Whether the inspiration of the All Terrain Armoured Transport (AT-AT) was really the container cranes at the Port of Oakland or not, there’s no denying that the four-legged transport was the chosen means of deploying Imperial ground forces in combat environments. (Though just how the compliment of 40 snowtroopers was able to rapidly disembark from the AT-AT has never been given a canon explanation.)
With a height of in excess of 65 feet (20 meters), its heavy armor playing meant it was impervious to everything but turbolaser fire, and its four articulated legs meant it could cover any terrain, whether it be mud, forests or snowscapes.
Like the Star Destroyer of the Imperial Navy, the AT-AT came in several variants – including cargo carriers and cranes – that were defined by the arenas of conflict they were engaged in, and while LEGO hasn’t capitalized on these subtle differences (with the exception of 75189 First Oder Heavy Assault Walker) each release has been different enough to keep the interest in the LEGO version of Imperial Walker advancing.
9754 Mindstorms Dark Side Developer Kit
Even though the first official System-scale AT-AT came in 2003, the arrival of the Mindstorms subtheme, a collection of sets that combined TECHNIC and System elements with a rudimentary robotics package to the Star Wars lineup in 1999, it was technically possible to build an AT-AT with the 482-piece 9754 Mindstorms Dark Side Developer Kit way back in 2000.
The set in question contained instructions for a Destroyer Droid, Vulture Droid, an AAT as well as the AT-AT. Sadly the build only remotely resembles the Imperial Walker, and its lurching gait is a bigger weakness than its susceptibility to being tripped up by tow cables.
Those who got on at the first bus stop on the LEGO Star Wars route in 1999 had to wait four long years before the debut System-scale AT-AT turned up when, in June 2003, 4483 AT-AT was released. Initially packaged in a black borders box, it was repackaged in 2004 when it came out in a box with a blue border, allowing it to fit in with the master packaging theme.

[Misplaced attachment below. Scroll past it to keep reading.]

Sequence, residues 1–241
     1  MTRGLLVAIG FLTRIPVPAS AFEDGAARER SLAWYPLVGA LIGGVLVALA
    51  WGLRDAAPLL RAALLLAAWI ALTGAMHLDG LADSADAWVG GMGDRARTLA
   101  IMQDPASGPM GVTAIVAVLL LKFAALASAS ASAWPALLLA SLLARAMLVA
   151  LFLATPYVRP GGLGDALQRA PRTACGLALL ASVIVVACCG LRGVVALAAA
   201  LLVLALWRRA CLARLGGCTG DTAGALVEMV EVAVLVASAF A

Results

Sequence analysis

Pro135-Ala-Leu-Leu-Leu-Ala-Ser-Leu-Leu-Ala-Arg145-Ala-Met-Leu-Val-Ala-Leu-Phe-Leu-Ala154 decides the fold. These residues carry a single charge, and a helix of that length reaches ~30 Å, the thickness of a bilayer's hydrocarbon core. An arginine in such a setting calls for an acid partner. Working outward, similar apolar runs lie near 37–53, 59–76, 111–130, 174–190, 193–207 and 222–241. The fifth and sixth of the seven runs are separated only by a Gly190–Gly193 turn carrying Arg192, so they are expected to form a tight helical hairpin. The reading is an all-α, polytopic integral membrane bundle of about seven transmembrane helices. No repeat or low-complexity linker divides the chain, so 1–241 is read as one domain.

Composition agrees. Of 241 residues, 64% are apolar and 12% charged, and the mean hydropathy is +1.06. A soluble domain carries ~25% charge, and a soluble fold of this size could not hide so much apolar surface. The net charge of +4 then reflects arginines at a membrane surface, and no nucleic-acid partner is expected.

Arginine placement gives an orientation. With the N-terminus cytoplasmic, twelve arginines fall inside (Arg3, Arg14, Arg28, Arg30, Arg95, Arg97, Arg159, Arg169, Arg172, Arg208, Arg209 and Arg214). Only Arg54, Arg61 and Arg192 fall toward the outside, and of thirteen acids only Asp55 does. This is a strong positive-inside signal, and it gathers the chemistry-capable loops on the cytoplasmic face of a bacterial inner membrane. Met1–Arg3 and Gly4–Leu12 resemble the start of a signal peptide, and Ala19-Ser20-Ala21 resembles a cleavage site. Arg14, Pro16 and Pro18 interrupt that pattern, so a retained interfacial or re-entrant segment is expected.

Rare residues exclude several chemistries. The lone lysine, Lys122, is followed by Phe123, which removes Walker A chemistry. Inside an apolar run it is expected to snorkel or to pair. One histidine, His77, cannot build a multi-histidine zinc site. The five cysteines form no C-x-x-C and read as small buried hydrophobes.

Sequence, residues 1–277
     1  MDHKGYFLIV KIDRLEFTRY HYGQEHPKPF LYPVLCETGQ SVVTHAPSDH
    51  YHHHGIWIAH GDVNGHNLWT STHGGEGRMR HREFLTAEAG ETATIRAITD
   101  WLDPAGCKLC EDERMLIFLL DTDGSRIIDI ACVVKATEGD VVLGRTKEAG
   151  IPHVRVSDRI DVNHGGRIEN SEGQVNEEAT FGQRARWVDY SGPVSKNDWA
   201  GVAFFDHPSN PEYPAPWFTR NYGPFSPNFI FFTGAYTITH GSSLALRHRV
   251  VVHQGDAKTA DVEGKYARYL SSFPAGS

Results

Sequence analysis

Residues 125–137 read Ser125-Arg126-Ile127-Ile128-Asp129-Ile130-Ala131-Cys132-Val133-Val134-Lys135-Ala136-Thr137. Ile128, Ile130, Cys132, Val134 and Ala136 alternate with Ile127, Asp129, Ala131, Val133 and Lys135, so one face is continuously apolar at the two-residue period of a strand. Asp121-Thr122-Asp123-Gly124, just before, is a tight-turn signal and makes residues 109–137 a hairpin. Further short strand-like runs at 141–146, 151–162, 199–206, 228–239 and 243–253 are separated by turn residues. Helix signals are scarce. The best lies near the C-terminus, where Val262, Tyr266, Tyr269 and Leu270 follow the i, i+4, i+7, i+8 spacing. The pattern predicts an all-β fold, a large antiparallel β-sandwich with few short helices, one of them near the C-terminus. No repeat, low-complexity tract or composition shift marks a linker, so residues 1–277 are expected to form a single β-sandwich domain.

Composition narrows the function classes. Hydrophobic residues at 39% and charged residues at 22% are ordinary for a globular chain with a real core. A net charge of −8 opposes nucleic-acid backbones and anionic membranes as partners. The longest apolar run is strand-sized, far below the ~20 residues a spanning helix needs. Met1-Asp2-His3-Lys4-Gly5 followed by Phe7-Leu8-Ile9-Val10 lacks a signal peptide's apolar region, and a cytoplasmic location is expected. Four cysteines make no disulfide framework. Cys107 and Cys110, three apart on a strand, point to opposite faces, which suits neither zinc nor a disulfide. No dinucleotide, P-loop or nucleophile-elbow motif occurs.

At a whopping 1052 pieces, this AT-AT was the largest System-scale set in the Star Wars theme at the time, and had a part count that put it in range of a number of Ultimate Collector Series models.
The content and design of both were identical; containing the old gray pallet and minifigures with the original yellow heads. Three of the four minifigures included were unique to the set.
The build had everything that could be expected from an AT-AT; the head/cockpit, body/troop carrier and four fully poseable legs. The head, which had notoriously insecure side panels, had a hinged lid that allowed access cockpit. Unsatisfyingly, it only had room for only one minifigure. The sides of the main body were hinged halfway up on both sides to allow access to the interior which had seating for two minifigures. The articulated legs had poseable joints that allowed the AT-AT to be creatively positioned in a number of poses. The inclusion of a white speeder bike caused a great deal of confusion at the time, until word that Star Wars: Incredible Cross-Sections (DK, 1998) featured an illustration of an AT-AT with a compartment for speeder bikes. The finishing touch was a rope for a lightsaber-wielding Luke Skywalker to hang from.
10178 Motorized Walking AT-AT
Timed to coincide with the release of the new Power Functions system, a collection of TECHNIC based electronic componentry, 10178 Motorized Walking AT-AT was the last powered set in the Star Wars theme until the 2019 release of 75253 Droid Commander, a vastly updated version of 9748 Droid Developer Kit from 1999.
Whilst being a similar size to the previous (and upcoming) model, this 2007 set was essentially a skin of plates fixed over a Technic frame, which accommodated the Power Function motor and gearing system that moved the legs. Given the lack of sophisticated cogs and sprockets at the designer’s fingertips, the ungainly strides taken by the AT-AT were a big step forward.